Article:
Protected areas & popular recreational spaces

Dolphin DivingProtected areas (e.g., marine mammal sanctuaries) and popular recreational spaces (e.g., beaches)) face significant obstacles in their establishment, governance, and operational management.  This is especially so when competing for, or using space that is shared with fisheries users.  These areas often also provide protection for fish and use fish as attractions for passive users (tourism and recreational viewing).

This project seeks to develop a critical and historical understanding of such situations and develop tools and approaches to aid their management.

Current specific project foci

Donor, recipient and community relationships in the management of marine protected areas in developing countries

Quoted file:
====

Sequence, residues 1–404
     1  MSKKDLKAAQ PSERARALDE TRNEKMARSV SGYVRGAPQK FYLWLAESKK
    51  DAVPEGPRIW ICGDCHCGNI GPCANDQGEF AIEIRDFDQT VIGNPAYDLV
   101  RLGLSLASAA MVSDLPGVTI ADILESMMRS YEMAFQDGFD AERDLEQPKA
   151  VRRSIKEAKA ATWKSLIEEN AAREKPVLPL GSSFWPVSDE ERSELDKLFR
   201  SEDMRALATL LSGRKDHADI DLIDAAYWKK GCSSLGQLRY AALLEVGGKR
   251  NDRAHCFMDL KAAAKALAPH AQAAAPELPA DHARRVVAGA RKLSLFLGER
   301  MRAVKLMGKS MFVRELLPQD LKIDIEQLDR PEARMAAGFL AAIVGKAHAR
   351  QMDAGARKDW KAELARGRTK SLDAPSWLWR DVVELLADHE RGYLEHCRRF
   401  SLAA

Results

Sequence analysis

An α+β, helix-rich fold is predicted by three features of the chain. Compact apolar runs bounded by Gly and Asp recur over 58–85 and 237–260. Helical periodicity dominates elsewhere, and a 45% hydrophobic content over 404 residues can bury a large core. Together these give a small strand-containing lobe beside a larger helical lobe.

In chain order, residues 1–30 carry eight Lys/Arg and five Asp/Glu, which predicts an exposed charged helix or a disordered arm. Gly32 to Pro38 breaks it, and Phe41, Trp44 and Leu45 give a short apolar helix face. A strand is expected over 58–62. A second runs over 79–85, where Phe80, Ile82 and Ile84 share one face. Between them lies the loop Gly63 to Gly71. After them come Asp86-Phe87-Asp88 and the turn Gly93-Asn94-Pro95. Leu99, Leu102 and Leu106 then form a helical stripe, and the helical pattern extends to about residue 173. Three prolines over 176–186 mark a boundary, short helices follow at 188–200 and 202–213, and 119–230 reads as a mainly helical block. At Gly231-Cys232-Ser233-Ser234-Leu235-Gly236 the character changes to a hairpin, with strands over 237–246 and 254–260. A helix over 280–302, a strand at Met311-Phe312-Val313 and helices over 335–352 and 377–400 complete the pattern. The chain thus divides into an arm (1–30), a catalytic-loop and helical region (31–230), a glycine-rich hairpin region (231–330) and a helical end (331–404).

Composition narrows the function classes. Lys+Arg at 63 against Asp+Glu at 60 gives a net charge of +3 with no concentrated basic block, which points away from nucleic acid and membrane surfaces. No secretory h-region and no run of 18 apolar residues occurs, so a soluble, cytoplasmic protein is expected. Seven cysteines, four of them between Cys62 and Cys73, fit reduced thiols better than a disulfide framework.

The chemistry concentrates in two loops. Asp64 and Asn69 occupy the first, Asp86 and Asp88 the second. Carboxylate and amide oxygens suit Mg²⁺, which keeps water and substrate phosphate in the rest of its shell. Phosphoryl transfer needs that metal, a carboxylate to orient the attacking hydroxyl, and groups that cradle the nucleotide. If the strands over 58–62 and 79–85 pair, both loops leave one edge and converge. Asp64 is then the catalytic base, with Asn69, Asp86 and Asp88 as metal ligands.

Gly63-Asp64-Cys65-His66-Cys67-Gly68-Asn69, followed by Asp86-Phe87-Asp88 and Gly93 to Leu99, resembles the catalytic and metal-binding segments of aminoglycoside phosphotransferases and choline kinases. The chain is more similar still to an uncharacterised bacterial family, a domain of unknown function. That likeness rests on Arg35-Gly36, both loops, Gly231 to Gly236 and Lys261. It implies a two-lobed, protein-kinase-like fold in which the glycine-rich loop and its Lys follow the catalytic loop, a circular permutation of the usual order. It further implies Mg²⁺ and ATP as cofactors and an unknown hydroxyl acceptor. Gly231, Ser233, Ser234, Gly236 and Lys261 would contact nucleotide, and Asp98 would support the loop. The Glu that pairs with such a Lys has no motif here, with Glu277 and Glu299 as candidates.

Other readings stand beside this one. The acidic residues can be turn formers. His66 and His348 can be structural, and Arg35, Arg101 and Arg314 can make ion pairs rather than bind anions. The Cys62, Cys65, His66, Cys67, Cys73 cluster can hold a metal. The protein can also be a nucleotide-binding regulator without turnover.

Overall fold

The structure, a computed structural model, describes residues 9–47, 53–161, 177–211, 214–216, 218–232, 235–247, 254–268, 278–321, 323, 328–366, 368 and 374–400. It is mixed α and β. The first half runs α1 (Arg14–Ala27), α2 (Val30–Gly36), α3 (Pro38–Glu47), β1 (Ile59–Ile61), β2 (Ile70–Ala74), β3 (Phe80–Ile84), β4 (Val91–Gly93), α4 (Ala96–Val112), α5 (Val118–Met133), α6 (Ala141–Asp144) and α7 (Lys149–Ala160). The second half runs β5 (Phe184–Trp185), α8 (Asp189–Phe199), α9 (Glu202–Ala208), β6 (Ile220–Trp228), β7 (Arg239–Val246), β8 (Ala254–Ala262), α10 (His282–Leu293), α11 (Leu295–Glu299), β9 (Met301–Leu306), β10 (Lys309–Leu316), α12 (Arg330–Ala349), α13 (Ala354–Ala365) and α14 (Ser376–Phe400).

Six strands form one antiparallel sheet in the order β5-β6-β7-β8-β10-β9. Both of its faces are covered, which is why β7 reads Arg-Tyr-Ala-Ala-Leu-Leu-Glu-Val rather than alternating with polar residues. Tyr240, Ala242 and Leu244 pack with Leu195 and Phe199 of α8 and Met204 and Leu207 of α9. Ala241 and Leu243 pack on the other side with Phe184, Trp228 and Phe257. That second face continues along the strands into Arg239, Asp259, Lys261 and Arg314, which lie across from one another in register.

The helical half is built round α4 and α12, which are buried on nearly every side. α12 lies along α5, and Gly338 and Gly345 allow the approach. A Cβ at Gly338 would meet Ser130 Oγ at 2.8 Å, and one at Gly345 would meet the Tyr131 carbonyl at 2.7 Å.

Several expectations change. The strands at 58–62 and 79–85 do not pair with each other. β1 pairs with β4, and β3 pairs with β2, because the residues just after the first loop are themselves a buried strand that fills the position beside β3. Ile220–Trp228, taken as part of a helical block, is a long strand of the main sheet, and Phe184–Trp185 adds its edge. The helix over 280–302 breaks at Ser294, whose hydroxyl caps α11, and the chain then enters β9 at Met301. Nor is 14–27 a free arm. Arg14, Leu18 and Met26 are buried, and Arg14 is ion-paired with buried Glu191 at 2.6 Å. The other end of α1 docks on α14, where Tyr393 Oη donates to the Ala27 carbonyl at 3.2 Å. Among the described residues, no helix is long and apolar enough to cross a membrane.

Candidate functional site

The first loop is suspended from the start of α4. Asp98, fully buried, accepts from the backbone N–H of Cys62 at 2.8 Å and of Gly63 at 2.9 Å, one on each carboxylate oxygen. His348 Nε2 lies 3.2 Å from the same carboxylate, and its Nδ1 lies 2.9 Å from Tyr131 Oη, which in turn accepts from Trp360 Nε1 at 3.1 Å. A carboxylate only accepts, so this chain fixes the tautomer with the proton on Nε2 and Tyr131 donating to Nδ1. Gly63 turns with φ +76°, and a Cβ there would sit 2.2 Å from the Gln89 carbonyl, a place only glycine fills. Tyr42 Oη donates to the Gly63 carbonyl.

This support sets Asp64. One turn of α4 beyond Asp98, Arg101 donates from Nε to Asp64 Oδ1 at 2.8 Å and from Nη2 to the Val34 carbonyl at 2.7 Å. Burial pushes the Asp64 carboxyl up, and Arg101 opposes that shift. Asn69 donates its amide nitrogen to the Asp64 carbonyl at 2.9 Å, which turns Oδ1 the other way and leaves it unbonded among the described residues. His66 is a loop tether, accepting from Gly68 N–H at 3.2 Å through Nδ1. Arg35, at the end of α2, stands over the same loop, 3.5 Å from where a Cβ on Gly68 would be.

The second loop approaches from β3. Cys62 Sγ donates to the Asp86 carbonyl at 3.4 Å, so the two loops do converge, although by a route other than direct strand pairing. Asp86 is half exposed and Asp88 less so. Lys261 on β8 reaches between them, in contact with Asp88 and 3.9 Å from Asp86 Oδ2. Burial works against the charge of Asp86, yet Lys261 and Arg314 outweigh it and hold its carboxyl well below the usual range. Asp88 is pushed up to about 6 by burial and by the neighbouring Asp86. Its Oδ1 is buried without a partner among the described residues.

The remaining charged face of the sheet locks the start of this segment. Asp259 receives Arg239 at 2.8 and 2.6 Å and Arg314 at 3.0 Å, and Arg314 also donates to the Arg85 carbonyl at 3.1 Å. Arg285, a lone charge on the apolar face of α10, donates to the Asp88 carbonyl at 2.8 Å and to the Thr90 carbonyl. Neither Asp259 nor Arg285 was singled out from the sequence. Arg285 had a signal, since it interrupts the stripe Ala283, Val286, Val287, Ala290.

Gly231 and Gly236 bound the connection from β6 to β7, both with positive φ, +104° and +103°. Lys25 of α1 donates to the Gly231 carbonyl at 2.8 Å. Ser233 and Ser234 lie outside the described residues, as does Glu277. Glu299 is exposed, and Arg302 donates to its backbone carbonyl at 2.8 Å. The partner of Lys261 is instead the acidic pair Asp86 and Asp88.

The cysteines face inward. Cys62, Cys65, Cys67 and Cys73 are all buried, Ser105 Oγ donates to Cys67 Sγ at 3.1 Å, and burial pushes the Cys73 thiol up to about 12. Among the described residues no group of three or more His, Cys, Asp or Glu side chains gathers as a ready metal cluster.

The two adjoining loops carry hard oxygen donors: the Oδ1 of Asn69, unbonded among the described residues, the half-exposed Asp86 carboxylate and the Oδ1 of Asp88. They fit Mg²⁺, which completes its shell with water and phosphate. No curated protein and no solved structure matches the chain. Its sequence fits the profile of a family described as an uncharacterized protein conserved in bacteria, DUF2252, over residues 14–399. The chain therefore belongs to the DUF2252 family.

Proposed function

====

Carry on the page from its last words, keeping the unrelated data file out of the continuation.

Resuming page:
Key researchers – Claudia Jimenez-Castro (MSc candidate), Dr Hamish Rennie , Dr Miranda Cahn

This research currently explores the management arrangements for the Marine National Monument Cayos Cochinos in Northern Honduras in the context of the influence of donors on the management philosophy of the marine protected area.

Human activity and use of New Zealand’s aquatic protected areas

Key Researchers – Dr  Stephen Espiner (Lincoln University), Dr Kay Booth, Dr  Hamish Rennie (Lincoln University, Dr  Geoff Kerr (Lincoln University)

This is ongoing research on the use of such areas. Recent research has addressed Fiordland and Hahei Marine protected areas and the protection of the Rangitata River fishery.  A focus of this research is on informing management agencies of the nature, location and value of such uses. In the case of the Hahei marine reserve, the human activity monitoring has been integrated with spatial data on biota within the reserve and has become part of an ongoing monitoring programme expected to shed light on the impacts of such use and of the effectiveness of management approaches to human activities in these areas.

Page last updated on: 26/11/2009